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Maersk is relocating its Immingham-Europe service to Hull Container Terminal, following shipper concerns over accessibility.
The 800-teu weekly sailing, operated by BG Freight, will move on 12 January, arriving at and departing from Hull on Saturdays, reaching Rotterdam midweek.
A spokesperson for Maersk told The Loadstar: “Customers had been contacting us about using Hull instead of Immingham as apparently it is easier to gain access.
“In some cases, they were saying, issues with connectivity to Immingham were adding as much as three hours to journeys, and Hull has proved helpful in the decision-making.”
Both Humberside ports are owned and operated by Associated British Ports (ABP), which has recently invested £50m into developing both terminals, doubling Hull’s capacity to 240,000 teu a year.
Alongside this, Hull has trebled its weekly sailings from five to 16 this year, with Humber director Simon Bird praising the developments.
“We believe Hull and Immingham are now the premier container destinations in the north of England, offering an unrivalled service,” he said. “We’re proud to welcome Maersk to the Hull Container Terminal and we look forward to strengthening our partnership and building further trade links.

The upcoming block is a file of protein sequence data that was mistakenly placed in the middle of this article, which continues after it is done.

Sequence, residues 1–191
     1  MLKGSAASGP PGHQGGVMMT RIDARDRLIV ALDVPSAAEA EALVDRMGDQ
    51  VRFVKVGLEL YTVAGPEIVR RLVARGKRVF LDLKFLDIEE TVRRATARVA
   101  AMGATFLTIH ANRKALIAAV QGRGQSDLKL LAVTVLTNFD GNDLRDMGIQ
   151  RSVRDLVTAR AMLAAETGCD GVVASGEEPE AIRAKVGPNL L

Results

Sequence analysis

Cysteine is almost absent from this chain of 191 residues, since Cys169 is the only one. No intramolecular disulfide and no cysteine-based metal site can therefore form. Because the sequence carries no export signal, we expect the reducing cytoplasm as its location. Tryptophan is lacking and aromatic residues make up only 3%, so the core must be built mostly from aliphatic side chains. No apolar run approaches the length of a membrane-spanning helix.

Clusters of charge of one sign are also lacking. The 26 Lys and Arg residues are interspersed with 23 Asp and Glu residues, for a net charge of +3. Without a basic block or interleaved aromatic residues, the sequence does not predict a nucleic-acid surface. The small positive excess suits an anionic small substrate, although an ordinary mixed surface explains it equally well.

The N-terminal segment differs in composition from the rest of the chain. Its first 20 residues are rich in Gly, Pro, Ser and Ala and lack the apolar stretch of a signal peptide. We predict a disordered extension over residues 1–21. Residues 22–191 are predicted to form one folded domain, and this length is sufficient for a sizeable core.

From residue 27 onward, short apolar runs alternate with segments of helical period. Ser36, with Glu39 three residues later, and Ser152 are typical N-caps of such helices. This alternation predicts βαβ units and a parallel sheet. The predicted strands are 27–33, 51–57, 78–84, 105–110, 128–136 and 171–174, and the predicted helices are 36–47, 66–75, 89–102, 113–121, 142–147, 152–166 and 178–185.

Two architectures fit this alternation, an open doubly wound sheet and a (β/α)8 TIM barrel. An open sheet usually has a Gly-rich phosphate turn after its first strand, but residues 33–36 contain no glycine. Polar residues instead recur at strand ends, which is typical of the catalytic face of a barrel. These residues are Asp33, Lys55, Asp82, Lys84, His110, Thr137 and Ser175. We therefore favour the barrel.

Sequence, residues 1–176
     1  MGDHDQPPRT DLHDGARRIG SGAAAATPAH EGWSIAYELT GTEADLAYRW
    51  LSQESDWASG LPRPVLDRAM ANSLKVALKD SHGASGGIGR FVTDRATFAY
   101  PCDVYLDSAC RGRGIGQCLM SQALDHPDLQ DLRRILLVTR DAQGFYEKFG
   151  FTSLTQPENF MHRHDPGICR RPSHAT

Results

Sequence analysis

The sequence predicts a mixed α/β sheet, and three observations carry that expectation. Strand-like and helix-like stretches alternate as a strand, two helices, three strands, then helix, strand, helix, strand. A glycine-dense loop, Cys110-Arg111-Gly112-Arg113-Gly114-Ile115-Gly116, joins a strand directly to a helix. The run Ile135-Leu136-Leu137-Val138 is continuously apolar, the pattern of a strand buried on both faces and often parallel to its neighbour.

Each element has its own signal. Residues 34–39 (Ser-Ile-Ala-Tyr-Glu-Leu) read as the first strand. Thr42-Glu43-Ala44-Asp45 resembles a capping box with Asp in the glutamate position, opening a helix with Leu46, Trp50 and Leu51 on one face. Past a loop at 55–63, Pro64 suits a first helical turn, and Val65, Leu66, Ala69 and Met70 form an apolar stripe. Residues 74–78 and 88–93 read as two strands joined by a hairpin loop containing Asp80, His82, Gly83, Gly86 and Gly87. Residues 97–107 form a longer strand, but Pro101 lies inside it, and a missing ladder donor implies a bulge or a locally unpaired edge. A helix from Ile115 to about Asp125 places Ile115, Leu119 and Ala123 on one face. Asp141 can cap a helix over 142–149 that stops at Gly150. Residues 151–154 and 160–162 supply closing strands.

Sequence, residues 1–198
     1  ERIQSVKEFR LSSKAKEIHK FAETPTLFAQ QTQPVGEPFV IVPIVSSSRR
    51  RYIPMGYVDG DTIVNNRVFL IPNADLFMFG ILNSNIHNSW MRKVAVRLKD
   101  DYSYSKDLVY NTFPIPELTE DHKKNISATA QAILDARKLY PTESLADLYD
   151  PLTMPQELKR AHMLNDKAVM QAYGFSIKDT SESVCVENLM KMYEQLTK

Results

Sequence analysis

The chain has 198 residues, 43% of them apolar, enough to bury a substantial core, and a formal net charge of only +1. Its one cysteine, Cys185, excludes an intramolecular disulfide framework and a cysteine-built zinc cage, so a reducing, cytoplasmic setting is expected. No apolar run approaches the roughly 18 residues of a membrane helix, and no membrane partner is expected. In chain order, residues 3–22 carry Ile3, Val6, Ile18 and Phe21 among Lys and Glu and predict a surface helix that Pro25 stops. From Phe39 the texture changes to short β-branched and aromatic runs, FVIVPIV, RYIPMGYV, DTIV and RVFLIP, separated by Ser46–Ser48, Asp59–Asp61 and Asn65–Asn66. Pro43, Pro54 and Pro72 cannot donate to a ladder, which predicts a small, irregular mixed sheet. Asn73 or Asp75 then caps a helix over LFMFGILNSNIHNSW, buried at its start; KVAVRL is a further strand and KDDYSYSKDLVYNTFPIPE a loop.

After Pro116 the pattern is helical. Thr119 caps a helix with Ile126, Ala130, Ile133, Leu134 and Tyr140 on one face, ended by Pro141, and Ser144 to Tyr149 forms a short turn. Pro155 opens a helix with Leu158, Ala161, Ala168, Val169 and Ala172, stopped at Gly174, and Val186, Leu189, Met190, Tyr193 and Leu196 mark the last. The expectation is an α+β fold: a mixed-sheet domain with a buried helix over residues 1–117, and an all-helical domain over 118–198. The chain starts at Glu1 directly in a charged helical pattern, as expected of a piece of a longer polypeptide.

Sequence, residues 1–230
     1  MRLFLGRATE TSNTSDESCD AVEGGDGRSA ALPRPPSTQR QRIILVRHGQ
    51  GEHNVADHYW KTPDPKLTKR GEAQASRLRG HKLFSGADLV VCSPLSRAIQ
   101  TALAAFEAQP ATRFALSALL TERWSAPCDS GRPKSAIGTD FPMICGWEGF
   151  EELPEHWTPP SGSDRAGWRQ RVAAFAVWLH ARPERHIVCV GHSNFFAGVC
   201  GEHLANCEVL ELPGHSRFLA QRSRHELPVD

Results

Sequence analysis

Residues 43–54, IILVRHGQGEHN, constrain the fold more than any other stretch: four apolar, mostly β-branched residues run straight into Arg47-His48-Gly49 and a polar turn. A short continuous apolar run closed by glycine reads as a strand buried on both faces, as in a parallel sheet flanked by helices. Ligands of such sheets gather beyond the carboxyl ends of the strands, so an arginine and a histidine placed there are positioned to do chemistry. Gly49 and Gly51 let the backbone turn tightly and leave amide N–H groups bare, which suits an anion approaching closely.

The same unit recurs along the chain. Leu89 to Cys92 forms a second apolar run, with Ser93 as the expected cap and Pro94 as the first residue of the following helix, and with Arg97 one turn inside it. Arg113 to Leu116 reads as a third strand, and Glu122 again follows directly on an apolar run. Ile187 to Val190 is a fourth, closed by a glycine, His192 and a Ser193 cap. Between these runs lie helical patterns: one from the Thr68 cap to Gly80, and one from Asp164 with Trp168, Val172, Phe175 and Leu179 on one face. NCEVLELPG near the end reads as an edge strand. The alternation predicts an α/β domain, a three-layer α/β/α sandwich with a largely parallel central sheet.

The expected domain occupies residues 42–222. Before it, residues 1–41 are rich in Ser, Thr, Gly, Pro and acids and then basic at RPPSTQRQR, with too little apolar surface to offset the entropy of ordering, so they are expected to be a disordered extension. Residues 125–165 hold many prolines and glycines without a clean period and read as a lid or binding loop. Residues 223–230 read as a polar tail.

“Unlocking this new trade gateway to the rest of the world is not only significant for the local economy, but also for the national and international economy.”
In a statement, Maersk pointed to the importance of the English north-east in exports of fish and fresh produce. The carrier’s product manager for UK and Ireland, Asbjorn Kops, said he was “very pleased” with the move and believes it will provide customers with improved services.
“We continuously work on improving our local product offering, ensuring our portfolio meets customer expectations and helps them grow their business. Our shortsea connections complement our ocean services and connect our customers with markets around the world.”
Some 17% of all seaborne trade from the UK is handled by ABP’s four ports on the Humber, Grimsby, Goole, Immingham and Hull, where, the operator noted, they handled more trade than the Mersey, Tyne and Tees combined, at some £75bn.